In pictures: Aftermath of church roof collapse which killed 160 worshippers
Mortuaries overflowed with bodies yesterday from a church collapse in southern Nigeria that killed at least 160 people, as worshippers said construction of the building had been rushed.
Hundreds had been inside the Reigners Bible Church International in the city of Uyo on Saturday for the consecration of founder Akan Weeks as its bishop, when the metal girders fell and the corrugated iron roof caved in.
Screaming survivors streamed out amid cries from the injured inside.
"There were trapped bodies, parts of bodies, blood all over the place and people's handbags and shoes scattered," computer analyst Ukeme Eyibio said.
Officials feared the death toll could rise.
Mr Weeks and Akwa Ibom state Governor Udom Emmanuel were among the survivors.
Mr Eyibio had parked his car outside the complex to make a phone call when he heard a deafening crash and saw that the church had disappeared.
He and three others dragged 10 injured people from an overflow area for worshippers just outside the collapsed church. They did not enter the main structure because a construction worker warned it was not safe.
The worker called his boss at Julius Berger construction company, which sent a crane to help lift debris off bodies.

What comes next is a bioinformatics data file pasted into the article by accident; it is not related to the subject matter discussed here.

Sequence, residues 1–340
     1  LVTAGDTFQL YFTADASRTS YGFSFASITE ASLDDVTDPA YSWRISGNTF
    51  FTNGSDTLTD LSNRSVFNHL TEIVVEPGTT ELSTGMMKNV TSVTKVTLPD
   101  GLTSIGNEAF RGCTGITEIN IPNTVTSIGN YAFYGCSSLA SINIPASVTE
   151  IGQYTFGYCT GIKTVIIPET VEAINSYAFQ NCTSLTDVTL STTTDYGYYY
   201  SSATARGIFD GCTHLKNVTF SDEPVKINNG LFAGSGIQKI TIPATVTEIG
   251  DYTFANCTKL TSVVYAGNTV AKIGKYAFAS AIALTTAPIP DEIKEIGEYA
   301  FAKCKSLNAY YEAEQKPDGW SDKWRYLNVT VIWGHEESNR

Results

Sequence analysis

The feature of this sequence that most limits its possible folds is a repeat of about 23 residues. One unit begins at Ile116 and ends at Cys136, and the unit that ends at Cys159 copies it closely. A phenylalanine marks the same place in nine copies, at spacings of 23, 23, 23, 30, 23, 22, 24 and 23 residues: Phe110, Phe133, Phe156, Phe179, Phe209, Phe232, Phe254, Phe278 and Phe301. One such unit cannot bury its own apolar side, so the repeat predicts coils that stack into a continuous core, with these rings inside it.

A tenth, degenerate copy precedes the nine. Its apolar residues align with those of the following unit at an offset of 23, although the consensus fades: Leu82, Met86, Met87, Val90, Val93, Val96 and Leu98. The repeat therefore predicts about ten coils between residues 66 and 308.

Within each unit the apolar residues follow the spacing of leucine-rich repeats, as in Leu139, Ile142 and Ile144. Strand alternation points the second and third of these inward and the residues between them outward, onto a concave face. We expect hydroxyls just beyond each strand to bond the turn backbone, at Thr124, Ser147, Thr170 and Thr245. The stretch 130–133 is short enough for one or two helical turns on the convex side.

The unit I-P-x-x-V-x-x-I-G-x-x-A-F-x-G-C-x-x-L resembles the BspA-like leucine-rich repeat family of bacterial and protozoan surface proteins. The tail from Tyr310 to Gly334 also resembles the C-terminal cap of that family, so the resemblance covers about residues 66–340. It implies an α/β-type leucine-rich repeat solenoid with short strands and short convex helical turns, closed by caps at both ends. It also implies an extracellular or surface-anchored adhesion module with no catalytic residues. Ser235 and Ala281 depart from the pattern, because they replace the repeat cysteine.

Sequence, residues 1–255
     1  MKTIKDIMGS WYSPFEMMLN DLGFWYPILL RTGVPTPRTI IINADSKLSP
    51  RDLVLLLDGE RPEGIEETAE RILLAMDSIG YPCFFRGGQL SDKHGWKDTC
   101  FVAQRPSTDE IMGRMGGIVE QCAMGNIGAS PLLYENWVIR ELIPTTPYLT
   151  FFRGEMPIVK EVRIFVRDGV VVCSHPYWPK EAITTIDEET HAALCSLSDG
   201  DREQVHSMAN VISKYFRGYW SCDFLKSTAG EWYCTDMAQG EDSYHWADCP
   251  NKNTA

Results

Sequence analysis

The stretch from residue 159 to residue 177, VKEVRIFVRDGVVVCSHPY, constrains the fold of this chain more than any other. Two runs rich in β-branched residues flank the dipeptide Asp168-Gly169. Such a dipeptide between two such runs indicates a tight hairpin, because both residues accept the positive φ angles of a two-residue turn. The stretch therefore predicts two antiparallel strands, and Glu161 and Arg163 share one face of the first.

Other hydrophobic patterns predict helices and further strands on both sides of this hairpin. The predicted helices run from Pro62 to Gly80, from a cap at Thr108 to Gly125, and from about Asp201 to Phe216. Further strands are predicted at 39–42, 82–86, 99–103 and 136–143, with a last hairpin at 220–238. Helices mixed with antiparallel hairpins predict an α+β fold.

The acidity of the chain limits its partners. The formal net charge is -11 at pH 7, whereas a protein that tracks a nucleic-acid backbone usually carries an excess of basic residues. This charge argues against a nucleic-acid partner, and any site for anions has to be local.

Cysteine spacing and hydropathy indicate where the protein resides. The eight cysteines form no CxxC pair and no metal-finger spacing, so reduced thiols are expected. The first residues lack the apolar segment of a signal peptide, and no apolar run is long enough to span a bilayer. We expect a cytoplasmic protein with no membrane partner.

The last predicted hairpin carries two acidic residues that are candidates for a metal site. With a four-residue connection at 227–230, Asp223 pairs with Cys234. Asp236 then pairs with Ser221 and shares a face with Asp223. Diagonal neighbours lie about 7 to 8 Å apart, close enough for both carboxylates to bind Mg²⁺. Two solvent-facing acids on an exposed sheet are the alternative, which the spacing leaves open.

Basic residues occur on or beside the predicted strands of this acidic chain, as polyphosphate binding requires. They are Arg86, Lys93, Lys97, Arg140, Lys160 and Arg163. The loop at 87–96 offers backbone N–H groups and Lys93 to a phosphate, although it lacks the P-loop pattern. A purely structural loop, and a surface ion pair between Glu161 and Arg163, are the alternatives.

While they waited for the crane, Mr Eyibio helped a man whose legs were trapped under a girder.
"I rushed to my car, got out the tire jack and used that to get the beam off his legs," the 27-year-old said.
"We managed to get him out, but we saw others dying all around us," he said. "I'm so traumatized I could not sleep last night for the horrors repeating themselves in my mind."
Mortuaries in Uyo were overwhelmed by the disaster, medical director Etete Peters of the University of Uyo Teaching Hospital said.
Many of the dead were taken to private mortuaries scattered across the city, youth leader Edikan Peters said. Some people were taking the bodies of relatives to their homes because of the overcrowding.
Mr Peters said he counted 90 bodies removed from the church before he was told to stop his tally on Saturday night. Journalists also said that church officials sought to prevent them from documenting the tragedy, trying to seize cameras and forcing some to leave the area.
The church had still been under construction and workers had been rushing to finish it in time for Saturday's ceremony, congregants said.
The governor's spokesman, Ekerete Udoh, said the state government would investigate if any building standards were compromised.
Buildings collapse often in Nigeria because of endemic corruption, with contractors using substandard materials and bribing inspectors to ignore shoddy work or a lack of permits. In 2014, 116 people died when a multi-storey guesthouse of the Synagogue Church of All Nations collapsed in Lagos.